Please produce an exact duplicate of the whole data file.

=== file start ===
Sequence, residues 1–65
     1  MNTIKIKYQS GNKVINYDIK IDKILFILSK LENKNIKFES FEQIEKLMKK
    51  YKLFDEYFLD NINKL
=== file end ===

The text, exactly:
Sequence, residues 1–65
     1  MNTIKIKYQS GNKVINYDIK IDKILFILSK LENKNIKFES FEQIEKLMKK
    51  YKLFDEYFLD NINKL